• A hireling on an enemy's sheet repositions and rolls to change tactics -- you cannot guarantee which maneuver is used, or which side his chit will be played on
  • A hireling who is deployed to a monster instantly becomes unhidden -- there is no way for a hidden hireling to attack an enemy without reprisal
Generally, what these rules mean is that if you can manage with a one-on-one battle between each hireling and a single enemy, you should lure, because you can then control the hireling's maneuver and whether they play light or dark side up. If you need multiple hirelings attacking a single creature, you need to deploy, but you lose the ability to control their maneuver and chit side -- once you deploy your hireling, they behave randomly (just like a monster) that combat round.

The Battle

So, let's run this battle and see what happens.

The Start of the Battle
I am not going to lure, so the monster will be "randomly" assigned to me. I will then deploy my native hirelings to the Tremendous Flying Dragon's sheet one at a time in the order (WHQ, W2, W1). Let's do this and see how our combat screen looks after.

Dragon's Sheet After Deployment
A couple things happened here. First thing is, the Dragon was taken off the Wood Girl's sheet and put on its own sheet. It is no longer going to attack the Woods Girl this round, instead it will attack the last hireling deployed to its sheet. As I deployed the Woodfolk, they went on the Dragon's sheet and you can see the order by looking at the blue section of the image. As I deployed them, they appeared from left to right -- WHQ, W2 and finally W1. Because W1 was the last hireling placed on the Dragon's sheet, he becomes the Dragon's target this round.


Notice we placed each archer dark-side up. This is because archer natives don't attack at all light-side up, and we need as many attacks as possible for this tactic to work. Now, we can't actually control if they stay dark-side up or not, but we know that the roll to change tactics is a 6 -- which comes up about 30% of the time in Magic Realm. Placing our archers dark-side up to begin the round gives them a 70% chance to stay that way through the end of the round.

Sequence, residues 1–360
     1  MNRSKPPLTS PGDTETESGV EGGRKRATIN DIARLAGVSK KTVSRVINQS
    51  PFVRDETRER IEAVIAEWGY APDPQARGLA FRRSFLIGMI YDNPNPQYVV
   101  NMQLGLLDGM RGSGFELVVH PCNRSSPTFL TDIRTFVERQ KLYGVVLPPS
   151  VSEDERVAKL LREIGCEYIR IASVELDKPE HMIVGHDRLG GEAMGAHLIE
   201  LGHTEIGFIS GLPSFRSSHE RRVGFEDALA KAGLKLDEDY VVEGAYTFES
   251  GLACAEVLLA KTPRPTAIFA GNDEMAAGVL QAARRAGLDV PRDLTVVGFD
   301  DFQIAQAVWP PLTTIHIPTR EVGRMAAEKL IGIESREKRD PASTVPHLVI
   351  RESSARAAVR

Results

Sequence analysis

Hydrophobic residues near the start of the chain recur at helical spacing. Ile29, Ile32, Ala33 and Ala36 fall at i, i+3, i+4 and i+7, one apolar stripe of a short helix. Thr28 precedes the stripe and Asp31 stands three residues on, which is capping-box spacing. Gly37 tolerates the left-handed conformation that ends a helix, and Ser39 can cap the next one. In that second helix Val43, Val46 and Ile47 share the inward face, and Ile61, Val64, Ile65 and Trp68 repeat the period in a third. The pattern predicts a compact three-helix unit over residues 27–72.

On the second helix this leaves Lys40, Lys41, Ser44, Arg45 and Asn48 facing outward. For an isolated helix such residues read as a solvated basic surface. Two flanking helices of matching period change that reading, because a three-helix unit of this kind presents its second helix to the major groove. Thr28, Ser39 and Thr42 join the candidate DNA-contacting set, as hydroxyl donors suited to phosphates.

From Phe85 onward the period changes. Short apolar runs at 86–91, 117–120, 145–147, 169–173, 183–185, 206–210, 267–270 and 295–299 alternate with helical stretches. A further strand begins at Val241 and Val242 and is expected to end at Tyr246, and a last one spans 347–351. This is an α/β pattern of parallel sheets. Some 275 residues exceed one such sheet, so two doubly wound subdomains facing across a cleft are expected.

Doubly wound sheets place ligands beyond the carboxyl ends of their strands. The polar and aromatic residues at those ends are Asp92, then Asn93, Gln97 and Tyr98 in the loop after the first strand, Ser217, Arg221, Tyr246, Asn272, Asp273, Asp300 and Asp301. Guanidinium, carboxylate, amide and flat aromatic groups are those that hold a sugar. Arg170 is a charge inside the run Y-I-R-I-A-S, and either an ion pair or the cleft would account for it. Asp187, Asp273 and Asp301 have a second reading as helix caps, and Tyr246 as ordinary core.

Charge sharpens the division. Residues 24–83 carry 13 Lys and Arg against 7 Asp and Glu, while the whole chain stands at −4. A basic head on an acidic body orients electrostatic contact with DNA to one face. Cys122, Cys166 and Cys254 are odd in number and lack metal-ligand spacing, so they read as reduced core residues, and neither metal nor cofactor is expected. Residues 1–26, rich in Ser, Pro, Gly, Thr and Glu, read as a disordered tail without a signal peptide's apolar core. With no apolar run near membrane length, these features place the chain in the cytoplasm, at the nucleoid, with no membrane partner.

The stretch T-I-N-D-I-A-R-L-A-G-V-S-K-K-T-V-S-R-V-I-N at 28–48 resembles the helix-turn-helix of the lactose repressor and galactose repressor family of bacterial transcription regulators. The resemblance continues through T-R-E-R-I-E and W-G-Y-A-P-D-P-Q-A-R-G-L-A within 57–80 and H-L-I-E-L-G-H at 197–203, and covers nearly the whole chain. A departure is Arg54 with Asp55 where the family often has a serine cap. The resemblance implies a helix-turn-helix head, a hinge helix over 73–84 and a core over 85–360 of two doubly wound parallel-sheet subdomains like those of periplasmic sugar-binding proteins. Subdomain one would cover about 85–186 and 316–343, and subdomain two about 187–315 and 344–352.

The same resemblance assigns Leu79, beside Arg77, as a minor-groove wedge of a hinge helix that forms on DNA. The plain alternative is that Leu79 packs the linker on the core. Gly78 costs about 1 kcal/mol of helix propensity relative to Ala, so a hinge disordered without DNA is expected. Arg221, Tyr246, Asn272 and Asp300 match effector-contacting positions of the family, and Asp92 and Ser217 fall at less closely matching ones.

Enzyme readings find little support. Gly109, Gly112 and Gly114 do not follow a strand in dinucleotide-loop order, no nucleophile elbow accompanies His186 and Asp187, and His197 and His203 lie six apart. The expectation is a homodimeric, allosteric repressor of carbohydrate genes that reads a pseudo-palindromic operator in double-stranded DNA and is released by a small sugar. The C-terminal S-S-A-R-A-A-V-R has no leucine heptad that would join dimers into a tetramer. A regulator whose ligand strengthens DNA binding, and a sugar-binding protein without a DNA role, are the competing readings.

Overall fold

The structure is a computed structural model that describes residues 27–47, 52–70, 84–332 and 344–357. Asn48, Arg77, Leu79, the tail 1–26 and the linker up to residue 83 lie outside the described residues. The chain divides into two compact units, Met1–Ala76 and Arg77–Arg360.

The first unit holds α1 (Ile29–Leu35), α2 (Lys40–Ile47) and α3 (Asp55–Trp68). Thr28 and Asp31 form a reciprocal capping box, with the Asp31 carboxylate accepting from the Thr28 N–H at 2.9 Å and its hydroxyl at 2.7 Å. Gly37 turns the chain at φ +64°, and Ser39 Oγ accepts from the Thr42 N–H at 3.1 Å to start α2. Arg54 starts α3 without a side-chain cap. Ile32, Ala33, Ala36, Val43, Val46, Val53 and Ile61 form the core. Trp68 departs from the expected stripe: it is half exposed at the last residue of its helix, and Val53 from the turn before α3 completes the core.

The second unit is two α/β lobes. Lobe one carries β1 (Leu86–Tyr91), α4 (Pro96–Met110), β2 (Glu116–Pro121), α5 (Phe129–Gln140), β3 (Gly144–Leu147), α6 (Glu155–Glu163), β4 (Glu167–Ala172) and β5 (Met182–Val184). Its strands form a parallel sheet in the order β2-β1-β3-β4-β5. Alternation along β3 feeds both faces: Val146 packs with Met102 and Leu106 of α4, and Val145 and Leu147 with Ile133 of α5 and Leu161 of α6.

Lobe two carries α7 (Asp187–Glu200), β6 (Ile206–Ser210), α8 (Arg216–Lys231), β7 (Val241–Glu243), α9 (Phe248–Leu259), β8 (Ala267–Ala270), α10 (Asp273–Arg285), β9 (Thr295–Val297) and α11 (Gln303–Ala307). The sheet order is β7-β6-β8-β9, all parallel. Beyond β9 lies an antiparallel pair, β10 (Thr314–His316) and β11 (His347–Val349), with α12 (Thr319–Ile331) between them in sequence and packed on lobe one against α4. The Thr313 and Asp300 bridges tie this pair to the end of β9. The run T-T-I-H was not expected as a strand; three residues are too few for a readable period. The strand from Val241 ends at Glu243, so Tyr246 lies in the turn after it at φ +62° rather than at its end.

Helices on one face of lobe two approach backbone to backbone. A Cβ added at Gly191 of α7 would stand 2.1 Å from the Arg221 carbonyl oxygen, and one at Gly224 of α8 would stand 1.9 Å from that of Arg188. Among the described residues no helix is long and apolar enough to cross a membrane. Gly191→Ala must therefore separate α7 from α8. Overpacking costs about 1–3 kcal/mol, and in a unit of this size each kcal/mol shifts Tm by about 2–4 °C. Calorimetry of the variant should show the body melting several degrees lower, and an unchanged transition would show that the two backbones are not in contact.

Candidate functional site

Next thing we will do is alert the Woods Girl's bow with a FIGHT L4. Since she has no enemies on her sheet, any FIGHT chit will do. We then assign the Woods Girl's target and move onto the Position phase.

Round 1 -- Position Phase
It does not really matter where we position our forces this combat. Each archer will either undercut the Dragon, or not attack at all. Our attacks are all longer and faster than the Dragon's and so we will get the first shots. We have set this combat up so that all of our attacks get a chance to kill the Dragon. However, if none of our attacks kill the Dragon, it has a 2/3 chance of smoking poor, brave W1. All in all, we end up with a 43% chance of killing the dragon this round, a 38% chance of losing a hireling, and a 19% chance of no one dying.

Not awesome odds... but better than before.

Round 1 -- Result
So what happened? Well, first let's look at the repositioning rolls. Notice that the hirelings on the right-hand side share a single reposition roll, while the target hireling on the bottom gets his own roll. Mainly, this tells you to spread out your hirelings in the attack circles to maximize your chance to hit.

In this case, it didn't matter because as you can see, both natives on the right rolled a 6 on their change tactics roll, so they flipped and didn't attack at all. W1 rolled a 3 to change tactics, so he stayed dark-side up, undercutting the dragon. His missile roll was a 1, which increased his harm to H*, killing the beast!

We lucked out and won this fight without losing a single archer. Of course, there was no guarantee things would go so smoothly. The odds were barely in our favor Round 1, and if W1 died, the chances would shift in favor of the Dragon and pretty quickly spiral out of control.

I think I will end this one here. There is a little more to cover about deploying, but this has been stuck as a draft for a couple of weeks, so I want to get it out there. Keep checking back for more Magic Realm combat posts. In the near future, we will cover magic... and the even more mysterious horses!